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Rank Amy's music producers

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#1 MingusMonk&Amy


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Posted 27 October 2020 - 11:39 PM

I thought it could be interesting to see in which order you all would rank Amy's producers. I'm biased towards pre-Blake era so my ranking might be somewhat peculiar.


1. Remi One of my very favorites among contemporary music producers. His beats+bass are dope. A very talented musician as well. His work with Amy is obviously one of the most important collaborations in music history ever! I also like his stuff for Ini Kamoze, Fugees/Hill, Nas, Left Eye, Ms. Dynamite, Chrisette Michele, Jazmine Sullivan, Tamia and also his solo stuff. He's so versatile. The main producer of my favorite album ever - Frank. Love him!


2. Williams His production credits for Amy only includes 4 songs (+bits and pieces), but those are some of my favorite musical moments ever. Dope beats. Just flawless magical stuff!


3. Hogarth Only one song but I absolutely adore everything about it (unlike Amy herself apparently). Love his Duffy tracks.


4. Ronson The collaboration which everyone talks about - The Legendary. It also completely overshadows the rest of her catalog among non-fans, unfortunately. His stuff with Amy is GOLD (except for the sound quality which is most likely due to the mixing). I'm not really a fan of his other stuff, with the exception of Paul McCartney, Lily Allen and Aguilera.


5. Howard Close To The Front - another song I adore. Fair production - but the awesome vocal arrangements makes up for it. He's a co-producer on Frank (songs based on his demos) which is why I have to rank him quite high anyway.


6. P*Nut A co-production credit. Production-wise it's my favorite Ronson track on B2B. It owes a lot to the original sampled song.


7. Rowe Do Me Good sounds unfinished (after all, it's an outtake). Amy's cute vocals makes it dope anyway. The same goes for 3xAmy, were she sounds incredibly sexy. There's nothing terrible wrong with the production but it's nothing special either. To flavourless and pop-ish/simple perhaps.


8. Simm: co-produced Close To The Front + Someone to Watch Over Me. Hard to rank since I don't know how involved he was. I like both tracks.


9. Rockstar Was he the guy who added the infamous strings to Take The Box? In interviews, Amy identifies the "strings-guy" as the one who mixed the track, which would be Elmhirst. Anyway, Amy strongly disliked the "additional production" for this song so I have the rank him at the bottom. I agree with her, the strings are superfluous.


[X. Amy One could argue that Amy herself should be on top of the list. After all, her whole catalog is primary her creation anyway. There's only a few early tracks where she didn't have the final word.]


Note: In some cases, it's hard to figure out the production credits as different sources gives different credits. There might be some errors.

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#2 SarahMermaid


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Posted 28 October 2020 - 11:15 AM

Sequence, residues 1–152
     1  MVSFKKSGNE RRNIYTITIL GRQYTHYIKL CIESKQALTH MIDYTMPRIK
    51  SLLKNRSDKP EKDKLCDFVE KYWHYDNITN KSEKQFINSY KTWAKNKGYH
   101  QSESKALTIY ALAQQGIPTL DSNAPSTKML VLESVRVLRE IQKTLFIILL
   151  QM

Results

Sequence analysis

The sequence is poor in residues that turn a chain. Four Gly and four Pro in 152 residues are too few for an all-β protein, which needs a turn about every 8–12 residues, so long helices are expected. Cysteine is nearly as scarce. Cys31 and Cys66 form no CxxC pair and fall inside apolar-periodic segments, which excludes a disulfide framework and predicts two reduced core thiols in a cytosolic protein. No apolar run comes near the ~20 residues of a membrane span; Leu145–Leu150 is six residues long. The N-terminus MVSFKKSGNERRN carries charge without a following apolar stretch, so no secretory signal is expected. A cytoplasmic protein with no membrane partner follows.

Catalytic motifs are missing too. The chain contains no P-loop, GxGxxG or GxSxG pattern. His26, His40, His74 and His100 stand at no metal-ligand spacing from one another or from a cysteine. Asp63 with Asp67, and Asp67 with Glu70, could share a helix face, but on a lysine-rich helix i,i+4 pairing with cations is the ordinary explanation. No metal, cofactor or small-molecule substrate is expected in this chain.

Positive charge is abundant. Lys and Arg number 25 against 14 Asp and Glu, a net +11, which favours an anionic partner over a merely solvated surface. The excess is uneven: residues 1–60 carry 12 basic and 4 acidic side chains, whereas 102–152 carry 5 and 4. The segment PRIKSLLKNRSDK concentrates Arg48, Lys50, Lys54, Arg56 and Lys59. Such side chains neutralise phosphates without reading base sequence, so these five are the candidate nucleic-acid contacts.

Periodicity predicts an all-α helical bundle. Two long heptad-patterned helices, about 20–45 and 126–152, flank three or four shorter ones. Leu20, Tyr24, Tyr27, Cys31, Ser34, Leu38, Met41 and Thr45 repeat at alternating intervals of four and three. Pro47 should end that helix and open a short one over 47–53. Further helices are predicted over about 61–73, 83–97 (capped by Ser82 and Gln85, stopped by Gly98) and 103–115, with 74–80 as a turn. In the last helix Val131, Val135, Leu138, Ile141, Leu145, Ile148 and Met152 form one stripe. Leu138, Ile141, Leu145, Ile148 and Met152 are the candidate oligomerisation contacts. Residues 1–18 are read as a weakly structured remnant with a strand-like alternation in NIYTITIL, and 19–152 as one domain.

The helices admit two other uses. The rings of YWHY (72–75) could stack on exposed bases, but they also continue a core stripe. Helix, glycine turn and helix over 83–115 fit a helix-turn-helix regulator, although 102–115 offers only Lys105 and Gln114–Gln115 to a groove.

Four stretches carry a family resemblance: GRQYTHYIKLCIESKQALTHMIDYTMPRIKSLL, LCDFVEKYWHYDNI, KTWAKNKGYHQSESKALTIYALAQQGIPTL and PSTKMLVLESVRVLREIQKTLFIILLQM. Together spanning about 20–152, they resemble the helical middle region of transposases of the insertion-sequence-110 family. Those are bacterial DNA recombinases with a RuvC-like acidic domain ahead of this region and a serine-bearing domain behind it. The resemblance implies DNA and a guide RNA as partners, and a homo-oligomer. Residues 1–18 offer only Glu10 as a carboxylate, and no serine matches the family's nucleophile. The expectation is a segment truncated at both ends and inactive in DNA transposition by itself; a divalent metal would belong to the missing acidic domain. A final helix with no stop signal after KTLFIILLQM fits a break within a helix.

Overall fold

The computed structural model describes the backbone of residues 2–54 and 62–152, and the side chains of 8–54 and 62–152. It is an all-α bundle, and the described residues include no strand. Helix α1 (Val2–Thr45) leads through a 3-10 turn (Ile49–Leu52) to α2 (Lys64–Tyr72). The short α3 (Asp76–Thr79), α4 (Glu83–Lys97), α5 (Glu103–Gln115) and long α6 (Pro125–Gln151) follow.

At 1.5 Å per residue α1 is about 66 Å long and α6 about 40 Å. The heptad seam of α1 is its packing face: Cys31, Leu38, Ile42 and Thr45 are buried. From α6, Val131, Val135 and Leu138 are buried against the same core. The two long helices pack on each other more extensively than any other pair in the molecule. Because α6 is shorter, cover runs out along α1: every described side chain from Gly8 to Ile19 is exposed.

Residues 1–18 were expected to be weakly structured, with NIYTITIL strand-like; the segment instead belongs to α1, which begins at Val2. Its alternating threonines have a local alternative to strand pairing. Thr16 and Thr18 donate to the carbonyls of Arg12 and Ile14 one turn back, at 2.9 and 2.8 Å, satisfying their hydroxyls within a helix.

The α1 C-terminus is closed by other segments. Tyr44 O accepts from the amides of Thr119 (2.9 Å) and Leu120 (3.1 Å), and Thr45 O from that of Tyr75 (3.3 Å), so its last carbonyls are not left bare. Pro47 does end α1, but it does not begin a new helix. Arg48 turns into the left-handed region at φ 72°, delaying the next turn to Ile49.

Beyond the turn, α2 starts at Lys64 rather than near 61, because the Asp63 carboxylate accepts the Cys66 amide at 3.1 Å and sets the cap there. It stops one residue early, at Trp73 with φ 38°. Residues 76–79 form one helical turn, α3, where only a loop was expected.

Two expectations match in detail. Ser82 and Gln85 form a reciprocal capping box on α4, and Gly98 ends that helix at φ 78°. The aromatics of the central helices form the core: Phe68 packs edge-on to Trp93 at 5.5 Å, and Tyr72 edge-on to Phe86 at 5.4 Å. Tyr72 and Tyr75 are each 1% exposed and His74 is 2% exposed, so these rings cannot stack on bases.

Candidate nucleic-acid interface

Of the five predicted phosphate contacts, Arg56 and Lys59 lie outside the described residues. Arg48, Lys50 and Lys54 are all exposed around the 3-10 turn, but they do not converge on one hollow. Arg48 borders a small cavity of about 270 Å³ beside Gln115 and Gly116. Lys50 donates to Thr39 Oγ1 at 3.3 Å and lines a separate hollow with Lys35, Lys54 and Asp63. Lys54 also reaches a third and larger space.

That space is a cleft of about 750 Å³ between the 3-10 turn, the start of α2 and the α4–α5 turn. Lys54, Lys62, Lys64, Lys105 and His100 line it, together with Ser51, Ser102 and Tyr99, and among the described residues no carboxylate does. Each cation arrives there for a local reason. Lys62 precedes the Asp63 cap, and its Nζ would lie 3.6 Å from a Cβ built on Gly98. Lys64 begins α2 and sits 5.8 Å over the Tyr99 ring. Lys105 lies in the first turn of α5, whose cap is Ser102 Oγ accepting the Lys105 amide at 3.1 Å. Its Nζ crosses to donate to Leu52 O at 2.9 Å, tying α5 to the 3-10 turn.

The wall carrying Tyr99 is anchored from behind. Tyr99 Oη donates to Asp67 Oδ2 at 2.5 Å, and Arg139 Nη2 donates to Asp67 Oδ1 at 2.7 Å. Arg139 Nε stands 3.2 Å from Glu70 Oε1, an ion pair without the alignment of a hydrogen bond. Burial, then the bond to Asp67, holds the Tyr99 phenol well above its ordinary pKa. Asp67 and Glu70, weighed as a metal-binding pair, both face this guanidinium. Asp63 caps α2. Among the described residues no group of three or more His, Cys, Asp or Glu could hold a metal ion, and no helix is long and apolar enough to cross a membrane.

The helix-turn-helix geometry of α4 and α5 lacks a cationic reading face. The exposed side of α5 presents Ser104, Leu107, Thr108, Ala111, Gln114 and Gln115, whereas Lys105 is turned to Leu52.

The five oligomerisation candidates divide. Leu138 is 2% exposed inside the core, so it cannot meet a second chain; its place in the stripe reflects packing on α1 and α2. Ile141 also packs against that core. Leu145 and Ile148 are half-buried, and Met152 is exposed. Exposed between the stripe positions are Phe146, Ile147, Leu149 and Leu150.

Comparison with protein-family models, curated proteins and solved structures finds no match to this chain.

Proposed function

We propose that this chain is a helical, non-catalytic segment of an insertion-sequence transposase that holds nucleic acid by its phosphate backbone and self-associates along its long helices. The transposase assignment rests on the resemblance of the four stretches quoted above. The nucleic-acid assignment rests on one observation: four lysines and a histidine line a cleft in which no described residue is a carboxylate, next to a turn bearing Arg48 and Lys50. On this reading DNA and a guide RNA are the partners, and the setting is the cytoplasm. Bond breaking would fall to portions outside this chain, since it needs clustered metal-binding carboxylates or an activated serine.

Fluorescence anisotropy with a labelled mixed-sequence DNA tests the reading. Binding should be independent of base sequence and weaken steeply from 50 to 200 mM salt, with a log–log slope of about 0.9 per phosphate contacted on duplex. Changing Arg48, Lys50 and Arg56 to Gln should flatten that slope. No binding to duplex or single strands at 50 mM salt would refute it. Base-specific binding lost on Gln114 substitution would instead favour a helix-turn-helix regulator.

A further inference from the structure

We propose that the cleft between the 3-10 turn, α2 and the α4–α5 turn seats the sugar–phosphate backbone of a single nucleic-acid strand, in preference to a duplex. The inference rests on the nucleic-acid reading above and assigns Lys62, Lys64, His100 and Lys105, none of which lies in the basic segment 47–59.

I’ve always preferred Remi over Ronson. I think that he and Amy had a really good working relationship. Remi seemed to be able to push Amy in ways Ronson couldn’t . I love the stories of how tears dry came to be with the sample and Amy didn’t think it would work (love the demo outtakes of her swearing for not getting it right hehe). I love how when the bond theme with Ronson was in tatters, that Remi managed to squeeze ‘between the cheats” out of her. I’ve often wondered that if the bond theme had been with Remi, would it have materialised. However, I do like how ronson inspired her to write rehab and back to black. I do think she had a great deal of say in how it sounded though. I don’t think she would’ve liked what he done with ‘will you still love me tomorrow’.

I don’t honestly know much about the other producers to comment! I do love detachment and when my eyes...not sure who helped with them.
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#3 MingusMonk&Amy


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Posted 28 October 2020 - 09:29 PM

I'm pretty sure Amy always had the final word when working with both Remi and Ronson. The Lioness version of Will You Still Love Me Tomorrow might be Ronson's only misfire. It reminds me of the quote from Amy about Big Band Jazz and how it's all about every musician trying to sound louder than the other. It sounds as if he was trying to hard. I don't think Amy would have liked it either. The extremely compressed sound doesn't help.


After reading Mitch's book, and putting the Between The Cheats/Bond session into context, one realizes what a miracle the recording is, considering the bad state she was in. Also makes it harder to listen. It feels like only Remi could have pulled that one off.


When My Eyes would be Ian Barter. I don't know if Detachment was produced by the Lewinson Brothers or someone else (the end credits to Kapadia's AMY might contain info). Both are real gems. I excluded the early promo demos from my list.

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